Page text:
The Byzantine Empire provided a crucial link between the ancient world and modern civilisation, largely during the rule of Justinian, between 527 and 565 AD. Taylor points to the First Crusade, set in motion in 1095 at the walls of Constantinople to call for an armed pilgrimage to drive the Turks out of Jerusalem, as sowing the seeds of the dissolution of the Byzantine Empire. He considers the fall of Constantinople to the Turks, almost four centuries later in 1453, as the event that finally marked the end of the empire. But Gibbon, when he began to write his monumental The History of the Decline and Fall of the Roman Empire, contemplated the Roman Empire on a larger canvas that included the Byzantine, the Umayyad and the Abbasid. Taylor, however, makes a ‘micro’ division by treating each empire separately: the Umayyad Empire – the first of the two great Arab empires that dominated West Asia following the death of Prophet Muhammad in 632; the Abbasid Empire and the Turkish Empire, which succeeded the Byzantine and Arab empires.
Rome’s empire, however, was the ‘real’ thing. Brutal force and occupation held it together at least until the benefits of law and order, trade and cultural assimilation reconciled colonised peoples to their new status. Historians such as the second-century Suetonius felt compelled to say that the Roman Empire was a civilising and humane force. Like most classical empires, it was a single geographical bloc, its frontiers garrisoned and its limits set by the reach and pace of troops as well as by the organisational skill that ensured that imperial armies could be paid and fed. At constant war with barbarians on the northern front and with the all-too-civilised Persians to the east, Rome had no allies, only satellites and client states that were required to reward their protectors with tribute that symbolised dependence.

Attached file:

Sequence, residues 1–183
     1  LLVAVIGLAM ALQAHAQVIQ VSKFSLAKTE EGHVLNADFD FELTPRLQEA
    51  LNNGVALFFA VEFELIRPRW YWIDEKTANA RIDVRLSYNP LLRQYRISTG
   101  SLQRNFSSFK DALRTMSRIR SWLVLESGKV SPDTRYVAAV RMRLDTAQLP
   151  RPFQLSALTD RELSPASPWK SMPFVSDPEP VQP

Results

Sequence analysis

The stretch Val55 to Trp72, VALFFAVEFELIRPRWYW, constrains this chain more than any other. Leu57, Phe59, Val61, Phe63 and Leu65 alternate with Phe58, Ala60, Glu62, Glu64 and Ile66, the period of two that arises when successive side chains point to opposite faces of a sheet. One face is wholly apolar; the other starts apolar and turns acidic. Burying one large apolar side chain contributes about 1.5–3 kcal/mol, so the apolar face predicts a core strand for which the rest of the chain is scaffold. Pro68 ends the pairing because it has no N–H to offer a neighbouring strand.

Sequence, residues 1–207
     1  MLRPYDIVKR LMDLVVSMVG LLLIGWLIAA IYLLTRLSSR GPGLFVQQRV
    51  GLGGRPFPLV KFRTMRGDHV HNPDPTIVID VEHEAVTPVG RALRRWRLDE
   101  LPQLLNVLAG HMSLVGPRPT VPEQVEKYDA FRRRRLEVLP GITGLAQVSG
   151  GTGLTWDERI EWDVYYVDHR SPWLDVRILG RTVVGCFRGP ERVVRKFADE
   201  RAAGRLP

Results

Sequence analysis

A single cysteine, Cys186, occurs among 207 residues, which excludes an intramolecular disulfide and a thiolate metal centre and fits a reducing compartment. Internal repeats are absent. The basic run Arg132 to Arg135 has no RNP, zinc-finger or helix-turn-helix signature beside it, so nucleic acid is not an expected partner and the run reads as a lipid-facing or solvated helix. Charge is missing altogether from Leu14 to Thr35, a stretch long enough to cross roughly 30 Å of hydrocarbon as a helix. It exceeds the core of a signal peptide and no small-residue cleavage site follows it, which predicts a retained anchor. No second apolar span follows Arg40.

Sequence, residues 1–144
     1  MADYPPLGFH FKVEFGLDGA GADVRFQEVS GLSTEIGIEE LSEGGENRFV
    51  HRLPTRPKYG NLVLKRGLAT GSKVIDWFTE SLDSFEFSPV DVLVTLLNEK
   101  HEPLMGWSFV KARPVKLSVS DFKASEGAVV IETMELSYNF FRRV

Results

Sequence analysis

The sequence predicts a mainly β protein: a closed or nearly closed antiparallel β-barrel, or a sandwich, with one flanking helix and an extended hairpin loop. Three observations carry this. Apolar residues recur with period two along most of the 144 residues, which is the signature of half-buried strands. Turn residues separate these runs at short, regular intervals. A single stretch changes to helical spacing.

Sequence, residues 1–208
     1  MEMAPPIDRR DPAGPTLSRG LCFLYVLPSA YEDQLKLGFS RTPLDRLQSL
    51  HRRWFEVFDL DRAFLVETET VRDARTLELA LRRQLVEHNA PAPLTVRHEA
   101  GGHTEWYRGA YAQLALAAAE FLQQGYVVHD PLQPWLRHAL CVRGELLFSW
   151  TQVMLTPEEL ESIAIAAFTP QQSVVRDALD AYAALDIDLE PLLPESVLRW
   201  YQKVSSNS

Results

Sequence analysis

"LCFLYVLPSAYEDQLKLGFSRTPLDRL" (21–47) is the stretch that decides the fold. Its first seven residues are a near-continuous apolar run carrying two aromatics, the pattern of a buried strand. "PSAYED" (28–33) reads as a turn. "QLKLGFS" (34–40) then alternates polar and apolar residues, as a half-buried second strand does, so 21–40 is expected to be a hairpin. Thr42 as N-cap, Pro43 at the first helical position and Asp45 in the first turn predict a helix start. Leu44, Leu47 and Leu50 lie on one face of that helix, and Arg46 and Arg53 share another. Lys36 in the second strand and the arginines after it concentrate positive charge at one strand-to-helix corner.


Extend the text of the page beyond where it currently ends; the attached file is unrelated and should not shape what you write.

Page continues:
In addition, Rome showed no generosity to its vanquished armies. It organised no Marshall Plans or International Monetary Fund bailouts to help them recoup and join the ranks of the civilised world. Carthage was destroyed and salt ploughed into its fields to render them forever barren. Of his fellow Romans’ approach to pacification, the historian Tacitus said, “They make a wasteland and call it peace.” If we study Gibbon, we learn that two dispositions prompted Rome’s decline: enervation and luxury, both leading to corruption. Small wonder, then, that the Roman Empire continues to attract scholarly attention in almost any study of imperialism to this day.
Guns and roses